Got anger? The next women’s center workshop isn’t just for women – it’s open
FRISCO – “An anger workshop? Me? No, I don’t think so. Those kinds of classes are for really angry people who throw fits at work and punch walls. No, no, I’m definitely not that angry.”
If you think an anger workshop isn’t for you, think again. (Did reading that last sentence irritate you? How dare I sit safely at my computer screen and accuse you, an innocent reader whom I don’t even know, of having anger “issues.”)
But come on, we all get pissed. We may not smash the television when the weather report predicts a warm sunny day for our weekend barbecue and our paper plates end up blowing away in a snowstorm. We may not lay on our horn like a New York cab driver when a tourist putts down Main Street at 10 mph. We may not lay into the sick person next to us who coughs and sneezes all over without any attempt to contain the germs. But, internally, we have a little spike of irritation – or a huge rush of anger – when someone contradicts our version of how the world should work.
And that’s where Jean Ives comes in. She has been teaching psychology as an adjunct professor at Colorado Mountain College since 1999, and now she’s reaching out to the community by offering free anger management workshops.
Her first workshop, from 7-8 p.m. Tuesday, introduces the different types of anger, where anger originates and why people have it. Ives will discuss the four main styles of anger: passive (like a doormat), passive-aggressive (like a doormat that slyly slaps you in the behind after you walk over it), aggressive (like a mean doormat that actively trips you) and assertive (like a doormat that says, “It’s really not OK when you stomp your feet all over me”).
The second workshop, 7-8 p.m. Thursday, builds on the first and teaches people how to handle anger appropriately. Both include written exercises and practice sessions.
“Everyone has anger, even people who don’t think they have anger,” Ives said. “It’s something everyone deals with and most people don’t talk about. I don’t think most people realize how anger can be pervasive in their whole lives. It can affect your whole day, how you relate to life and how people see you. I don’t think as a society we deal with it.”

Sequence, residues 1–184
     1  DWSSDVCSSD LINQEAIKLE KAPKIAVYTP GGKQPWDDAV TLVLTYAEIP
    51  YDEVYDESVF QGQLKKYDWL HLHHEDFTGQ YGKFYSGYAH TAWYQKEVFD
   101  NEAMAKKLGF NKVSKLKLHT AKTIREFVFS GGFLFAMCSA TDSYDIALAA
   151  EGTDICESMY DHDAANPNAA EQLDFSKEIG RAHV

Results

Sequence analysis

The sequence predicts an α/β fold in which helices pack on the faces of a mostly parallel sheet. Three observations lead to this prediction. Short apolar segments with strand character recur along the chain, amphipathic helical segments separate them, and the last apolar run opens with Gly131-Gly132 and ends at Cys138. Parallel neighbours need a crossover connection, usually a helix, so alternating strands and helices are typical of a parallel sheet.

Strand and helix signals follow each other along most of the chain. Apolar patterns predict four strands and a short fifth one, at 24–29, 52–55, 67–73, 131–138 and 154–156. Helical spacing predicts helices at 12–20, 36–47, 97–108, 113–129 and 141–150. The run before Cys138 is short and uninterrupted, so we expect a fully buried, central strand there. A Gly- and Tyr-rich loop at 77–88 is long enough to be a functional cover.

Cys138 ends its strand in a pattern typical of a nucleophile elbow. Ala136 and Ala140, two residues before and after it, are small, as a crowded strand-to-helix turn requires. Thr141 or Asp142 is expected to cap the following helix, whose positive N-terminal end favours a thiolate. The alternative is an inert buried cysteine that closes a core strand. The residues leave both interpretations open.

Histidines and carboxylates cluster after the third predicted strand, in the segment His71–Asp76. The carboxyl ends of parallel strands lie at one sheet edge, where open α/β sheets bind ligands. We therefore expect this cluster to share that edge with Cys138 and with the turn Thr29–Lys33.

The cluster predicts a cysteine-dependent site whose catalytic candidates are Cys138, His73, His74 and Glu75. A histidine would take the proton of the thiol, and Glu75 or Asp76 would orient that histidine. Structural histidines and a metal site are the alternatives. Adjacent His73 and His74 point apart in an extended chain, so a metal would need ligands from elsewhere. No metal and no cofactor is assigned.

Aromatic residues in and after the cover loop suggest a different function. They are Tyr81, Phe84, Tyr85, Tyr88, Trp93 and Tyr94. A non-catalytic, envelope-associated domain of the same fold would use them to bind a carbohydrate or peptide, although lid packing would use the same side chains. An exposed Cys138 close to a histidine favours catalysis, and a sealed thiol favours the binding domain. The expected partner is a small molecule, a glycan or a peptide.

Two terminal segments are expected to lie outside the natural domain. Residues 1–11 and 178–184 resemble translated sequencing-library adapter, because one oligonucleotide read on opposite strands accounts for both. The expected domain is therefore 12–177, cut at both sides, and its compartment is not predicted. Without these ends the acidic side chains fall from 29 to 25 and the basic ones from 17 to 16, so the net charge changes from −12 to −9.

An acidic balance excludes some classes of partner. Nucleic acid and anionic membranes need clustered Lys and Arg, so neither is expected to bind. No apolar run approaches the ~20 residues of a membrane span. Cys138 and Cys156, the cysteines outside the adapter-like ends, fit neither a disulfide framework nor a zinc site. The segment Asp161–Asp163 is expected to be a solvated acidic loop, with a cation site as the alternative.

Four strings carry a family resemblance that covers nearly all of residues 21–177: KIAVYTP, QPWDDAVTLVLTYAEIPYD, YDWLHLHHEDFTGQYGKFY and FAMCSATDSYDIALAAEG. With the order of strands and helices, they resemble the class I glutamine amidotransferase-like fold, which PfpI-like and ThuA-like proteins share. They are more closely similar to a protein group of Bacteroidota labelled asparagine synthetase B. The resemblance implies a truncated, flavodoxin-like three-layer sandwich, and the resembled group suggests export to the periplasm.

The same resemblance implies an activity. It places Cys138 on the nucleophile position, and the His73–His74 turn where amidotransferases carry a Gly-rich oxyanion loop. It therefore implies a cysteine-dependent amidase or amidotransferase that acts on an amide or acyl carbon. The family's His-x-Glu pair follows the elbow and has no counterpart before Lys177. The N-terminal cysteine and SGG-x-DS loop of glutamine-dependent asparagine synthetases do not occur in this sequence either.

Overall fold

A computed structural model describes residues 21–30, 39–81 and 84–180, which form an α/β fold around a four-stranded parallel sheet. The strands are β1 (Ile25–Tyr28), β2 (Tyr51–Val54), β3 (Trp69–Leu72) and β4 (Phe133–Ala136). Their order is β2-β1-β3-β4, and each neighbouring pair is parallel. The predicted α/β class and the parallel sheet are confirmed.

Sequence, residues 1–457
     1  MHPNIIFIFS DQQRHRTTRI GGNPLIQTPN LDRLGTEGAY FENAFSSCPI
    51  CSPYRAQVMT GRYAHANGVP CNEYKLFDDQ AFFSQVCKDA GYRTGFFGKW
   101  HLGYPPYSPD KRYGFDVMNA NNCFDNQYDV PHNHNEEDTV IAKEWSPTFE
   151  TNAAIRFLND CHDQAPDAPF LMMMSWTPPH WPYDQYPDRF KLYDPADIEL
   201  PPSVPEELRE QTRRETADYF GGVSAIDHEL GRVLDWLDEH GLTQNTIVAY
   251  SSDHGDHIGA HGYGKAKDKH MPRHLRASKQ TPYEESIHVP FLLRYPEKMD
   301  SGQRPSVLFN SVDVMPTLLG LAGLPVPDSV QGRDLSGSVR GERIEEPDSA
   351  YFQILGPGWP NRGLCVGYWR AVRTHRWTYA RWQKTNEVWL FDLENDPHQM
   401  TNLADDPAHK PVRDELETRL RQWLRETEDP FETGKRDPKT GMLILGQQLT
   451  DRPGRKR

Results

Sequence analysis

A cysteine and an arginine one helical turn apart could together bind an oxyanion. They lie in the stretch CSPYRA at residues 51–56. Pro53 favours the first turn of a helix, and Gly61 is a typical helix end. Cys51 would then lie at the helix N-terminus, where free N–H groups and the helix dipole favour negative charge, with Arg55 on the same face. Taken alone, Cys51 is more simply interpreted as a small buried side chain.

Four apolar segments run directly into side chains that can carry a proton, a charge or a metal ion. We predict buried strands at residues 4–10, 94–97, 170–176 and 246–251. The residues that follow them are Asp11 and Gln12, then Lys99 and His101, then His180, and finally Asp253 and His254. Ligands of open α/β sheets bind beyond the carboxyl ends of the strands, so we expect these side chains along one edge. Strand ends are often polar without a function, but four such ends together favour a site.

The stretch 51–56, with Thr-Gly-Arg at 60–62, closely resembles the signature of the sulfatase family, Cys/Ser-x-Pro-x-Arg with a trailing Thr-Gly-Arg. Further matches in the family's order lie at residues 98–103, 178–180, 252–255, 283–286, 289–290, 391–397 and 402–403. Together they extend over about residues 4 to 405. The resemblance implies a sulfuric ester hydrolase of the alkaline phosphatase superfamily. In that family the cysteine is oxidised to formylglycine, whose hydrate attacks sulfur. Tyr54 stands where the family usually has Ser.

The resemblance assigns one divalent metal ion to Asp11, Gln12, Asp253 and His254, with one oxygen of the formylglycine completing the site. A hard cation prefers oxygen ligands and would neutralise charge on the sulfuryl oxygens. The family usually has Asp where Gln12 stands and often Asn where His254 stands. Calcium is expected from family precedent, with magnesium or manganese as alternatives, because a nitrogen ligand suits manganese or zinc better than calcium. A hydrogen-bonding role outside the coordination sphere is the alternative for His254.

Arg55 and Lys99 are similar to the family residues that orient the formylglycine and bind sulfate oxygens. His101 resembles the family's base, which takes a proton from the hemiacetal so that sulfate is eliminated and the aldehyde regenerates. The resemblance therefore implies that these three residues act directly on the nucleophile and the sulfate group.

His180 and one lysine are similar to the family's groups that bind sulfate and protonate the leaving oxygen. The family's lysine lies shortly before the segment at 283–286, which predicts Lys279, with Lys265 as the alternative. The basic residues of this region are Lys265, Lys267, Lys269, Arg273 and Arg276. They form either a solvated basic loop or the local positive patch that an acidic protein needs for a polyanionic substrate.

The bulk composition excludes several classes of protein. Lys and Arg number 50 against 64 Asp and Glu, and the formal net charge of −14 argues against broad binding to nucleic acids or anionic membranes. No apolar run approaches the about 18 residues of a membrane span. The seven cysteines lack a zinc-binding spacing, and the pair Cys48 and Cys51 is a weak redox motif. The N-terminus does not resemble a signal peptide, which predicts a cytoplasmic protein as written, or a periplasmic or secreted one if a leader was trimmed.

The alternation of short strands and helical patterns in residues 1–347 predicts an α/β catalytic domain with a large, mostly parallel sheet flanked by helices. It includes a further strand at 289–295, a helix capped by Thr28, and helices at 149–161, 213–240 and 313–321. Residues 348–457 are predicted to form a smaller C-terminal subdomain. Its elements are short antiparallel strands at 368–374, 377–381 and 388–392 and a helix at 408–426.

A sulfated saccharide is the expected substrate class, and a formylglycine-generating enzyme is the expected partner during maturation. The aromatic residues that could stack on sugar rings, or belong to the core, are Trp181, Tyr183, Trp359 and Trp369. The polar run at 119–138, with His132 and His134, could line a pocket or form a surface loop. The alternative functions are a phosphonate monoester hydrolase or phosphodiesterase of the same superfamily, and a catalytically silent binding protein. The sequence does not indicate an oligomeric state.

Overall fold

Anger may be taboo in our society, but when used properly, it can transform lives.
“Anger is not a bad thing at all,” Ives said. “Anger is a good thing. It’s how we handle anger that can be good or bad. A lot of times, especially as women, we’ve been taught that (being) passive is the best way to handle anger, and that can be one of the worst ways because a lot of times that can turn inward and it can be really self-destructive. Anger can be beneficial because it can be the impetus for change in our lives, but we all need to learn how to use it that way.”
Participants can expect to walk away from the workshops with more awareness of their own anger styles and a few tools to help them express anger more appropriately.
Breckenridge resident Sheryl Kutter took Ives’ semester-long anger management class and learned how to control her anger through writing, art and verbal expression.
“One thing that was really nice is we practiced situations where we play-acted,” Kutter said. “Being able to express anger at people – even if it wasn’t the person you were angry at – was helpful to get the anger out.”
Since everyone’s prone to anger, anyone is welcome to attend the workshops. For more information, call (970) 389-1502.
Free Anger Management Workshops
– When: 7-8 p.m. Tuesday, June 3, and Thursday, June 5
– Where: Frisco Community Building
– Next women’s center workshop: depression and anxiety, Tuesday, June 10, and Thursday, June 12
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